We all use email security technologies daily, without even knowing. It’s easy to mix up related cryptic abbreviations like SSL, TLS, and STARTTLS. However, if you find it necessary to understand the differences between these terms, this article will help you with that.
What Is SSL?
SSL is an abbreviation of Secure Sockets Layer. It is an encryption protocol that secures data as it’s being transmitted from one server to another (or between email servers, in our case). If a malicious actor intercepts the data in transit, it’ll be useless because they don’t have the encryption keys.
The first version of SSL was proposed in 1994 by Netscape Communications, an American technology company.
What Is TLS?
TLS stands for Transport Layer Security, another protocol that encrypts data as it’s being transmitted between servers. TLS is an upgraded version of the SSL protocol. The first version was released in 1999 by the Internet Engineering Task Force (IETF). It was designed to overcome certain security flaws in the SSL protocol.
Many people use the terms SSL and TLS interchangeably, while actually referring to the latter. SSL has long been deprecated in favor of TLS; people using both names interchangeably is a branding issue.
The newest version of TLS was adopted in August 2018.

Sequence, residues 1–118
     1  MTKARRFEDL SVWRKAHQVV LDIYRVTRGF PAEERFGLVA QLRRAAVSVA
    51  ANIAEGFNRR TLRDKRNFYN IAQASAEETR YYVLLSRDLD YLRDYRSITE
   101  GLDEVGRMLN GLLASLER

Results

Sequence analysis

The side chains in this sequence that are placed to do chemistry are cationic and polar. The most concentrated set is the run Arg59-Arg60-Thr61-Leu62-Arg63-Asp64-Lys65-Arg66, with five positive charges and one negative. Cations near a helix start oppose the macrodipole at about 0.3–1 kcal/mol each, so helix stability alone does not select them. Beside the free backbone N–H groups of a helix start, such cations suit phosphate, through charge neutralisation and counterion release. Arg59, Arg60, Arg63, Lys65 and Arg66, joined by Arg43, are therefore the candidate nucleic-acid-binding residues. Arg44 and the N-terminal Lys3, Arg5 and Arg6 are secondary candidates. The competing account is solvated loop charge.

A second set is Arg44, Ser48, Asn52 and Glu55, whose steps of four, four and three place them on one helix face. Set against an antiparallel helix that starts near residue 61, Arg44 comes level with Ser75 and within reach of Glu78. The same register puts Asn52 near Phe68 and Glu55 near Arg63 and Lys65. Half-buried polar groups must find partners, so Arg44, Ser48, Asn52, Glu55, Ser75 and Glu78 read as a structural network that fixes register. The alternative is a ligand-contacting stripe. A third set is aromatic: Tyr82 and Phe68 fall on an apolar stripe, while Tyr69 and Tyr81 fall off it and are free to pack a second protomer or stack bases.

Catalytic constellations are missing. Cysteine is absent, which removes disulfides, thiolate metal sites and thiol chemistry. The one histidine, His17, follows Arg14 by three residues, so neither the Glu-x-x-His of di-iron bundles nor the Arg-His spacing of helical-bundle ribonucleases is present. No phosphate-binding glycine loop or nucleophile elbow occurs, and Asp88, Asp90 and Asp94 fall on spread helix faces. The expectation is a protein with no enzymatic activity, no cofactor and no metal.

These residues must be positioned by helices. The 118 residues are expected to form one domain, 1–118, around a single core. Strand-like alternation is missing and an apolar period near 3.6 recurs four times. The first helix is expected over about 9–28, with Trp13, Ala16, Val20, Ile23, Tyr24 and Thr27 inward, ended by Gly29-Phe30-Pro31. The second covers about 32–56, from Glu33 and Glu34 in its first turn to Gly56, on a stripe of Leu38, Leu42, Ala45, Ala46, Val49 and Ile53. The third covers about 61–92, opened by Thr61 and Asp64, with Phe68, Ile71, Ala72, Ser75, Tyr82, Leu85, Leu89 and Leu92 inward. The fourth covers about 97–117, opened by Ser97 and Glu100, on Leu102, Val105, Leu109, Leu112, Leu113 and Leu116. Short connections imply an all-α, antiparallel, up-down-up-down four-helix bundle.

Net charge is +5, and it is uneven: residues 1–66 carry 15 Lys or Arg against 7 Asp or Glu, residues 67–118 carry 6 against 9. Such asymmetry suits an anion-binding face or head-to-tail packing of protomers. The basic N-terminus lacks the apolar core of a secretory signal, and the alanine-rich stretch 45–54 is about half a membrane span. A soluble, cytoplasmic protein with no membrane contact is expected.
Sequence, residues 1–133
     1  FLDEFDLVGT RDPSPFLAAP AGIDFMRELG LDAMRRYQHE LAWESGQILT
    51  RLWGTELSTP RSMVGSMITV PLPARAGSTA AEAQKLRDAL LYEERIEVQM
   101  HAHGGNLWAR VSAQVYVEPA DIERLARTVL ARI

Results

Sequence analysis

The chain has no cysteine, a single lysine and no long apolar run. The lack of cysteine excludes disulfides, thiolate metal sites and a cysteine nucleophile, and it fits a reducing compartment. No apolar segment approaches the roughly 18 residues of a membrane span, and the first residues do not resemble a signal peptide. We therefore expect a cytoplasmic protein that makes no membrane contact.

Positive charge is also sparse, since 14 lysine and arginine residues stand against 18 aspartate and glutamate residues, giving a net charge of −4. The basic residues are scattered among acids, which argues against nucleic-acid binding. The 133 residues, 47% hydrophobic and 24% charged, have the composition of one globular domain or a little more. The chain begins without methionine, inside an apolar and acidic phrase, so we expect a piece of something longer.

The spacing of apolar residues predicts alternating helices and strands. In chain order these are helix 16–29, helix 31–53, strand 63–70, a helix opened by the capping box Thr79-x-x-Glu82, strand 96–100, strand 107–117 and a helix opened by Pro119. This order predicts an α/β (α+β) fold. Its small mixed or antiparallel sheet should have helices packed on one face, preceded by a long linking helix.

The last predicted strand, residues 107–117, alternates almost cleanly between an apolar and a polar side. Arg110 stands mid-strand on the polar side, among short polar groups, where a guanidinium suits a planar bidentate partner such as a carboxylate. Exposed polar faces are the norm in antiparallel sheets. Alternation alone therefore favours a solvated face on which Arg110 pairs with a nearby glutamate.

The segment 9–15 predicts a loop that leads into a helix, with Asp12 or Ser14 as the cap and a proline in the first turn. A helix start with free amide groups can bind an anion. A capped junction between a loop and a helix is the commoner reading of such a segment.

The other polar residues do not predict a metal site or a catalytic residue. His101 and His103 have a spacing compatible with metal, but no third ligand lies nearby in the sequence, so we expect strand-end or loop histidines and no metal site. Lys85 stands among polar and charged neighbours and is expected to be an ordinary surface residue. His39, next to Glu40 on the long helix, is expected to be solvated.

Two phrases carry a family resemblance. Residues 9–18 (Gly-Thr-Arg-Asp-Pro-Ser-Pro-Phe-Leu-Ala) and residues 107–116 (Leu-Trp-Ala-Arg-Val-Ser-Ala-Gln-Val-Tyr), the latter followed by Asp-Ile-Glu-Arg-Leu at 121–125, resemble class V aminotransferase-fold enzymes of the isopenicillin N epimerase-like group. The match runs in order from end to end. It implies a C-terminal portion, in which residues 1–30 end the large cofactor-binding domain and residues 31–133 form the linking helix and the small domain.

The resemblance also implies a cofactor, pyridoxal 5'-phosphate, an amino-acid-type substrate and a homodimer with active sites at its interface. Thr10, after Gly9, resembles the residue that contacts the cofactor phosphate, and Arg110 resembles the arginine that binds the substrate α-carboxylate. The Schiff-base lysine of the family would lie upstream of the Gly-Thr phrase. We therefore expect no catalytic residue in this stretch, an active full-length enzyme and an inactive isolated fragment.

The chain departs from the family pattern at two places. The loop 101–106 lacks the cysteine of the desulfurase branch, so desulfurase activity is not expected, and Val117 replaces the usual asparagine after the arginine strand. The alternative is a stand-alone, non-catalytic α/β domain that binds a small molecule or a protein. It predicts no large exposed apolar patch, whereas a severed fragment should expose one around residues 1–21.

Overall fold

What Is StartTLS?
StartTLS is not a security protocol like TLS and SSL. Instead, it is a protocol command that instructs servers to upgrade from an insecure connection to a secure one.
Data connection may be initially unencrypted, which poses a security risk. The StartTLS command instructs a server to switch from an unencrypted connection to an encrypted one, hence the name “Start TLS.” It is executed if both parties support TLS encryption.
How Do SSL/TLS and StartTLS Work Together to Send Emails?
Whenever you type in an email and hit the send button, start transferring data from your email client to your email server. The client may try to establish a secure connection in one of the two ways: Explicit or Implicit, depending on which port is used for communication.
- Explicit: The data exchange is initially started in unencrypted mode. The client uses the StartTLS command to ask the server to switch from a plain connection to a secure one. The server recognizes the instruction and re-establishes the connection using the TLS protocol. However, if it does not support TLS, the connection goes on using insecure mode.
- Implicit: The client tries to establish a secure server connection based on the TLS protocol right from the start. If the server does not support TLS, the session will not take place.
The difference between Explicit and Implicit modes is that the former can still proceed with an insecure connection if the server does not support TLS, allowing for backward compatibility with older systems.
Implicit mode guarantees better protection because the connection must always be secure for the email transfer to proceed.
We have outlined the core meaning of StartTLS, SSL, and TLS. We’ve also described how these tools work to send emails securely. At this point, you should understand the differences well enough to explain them to anyone interested.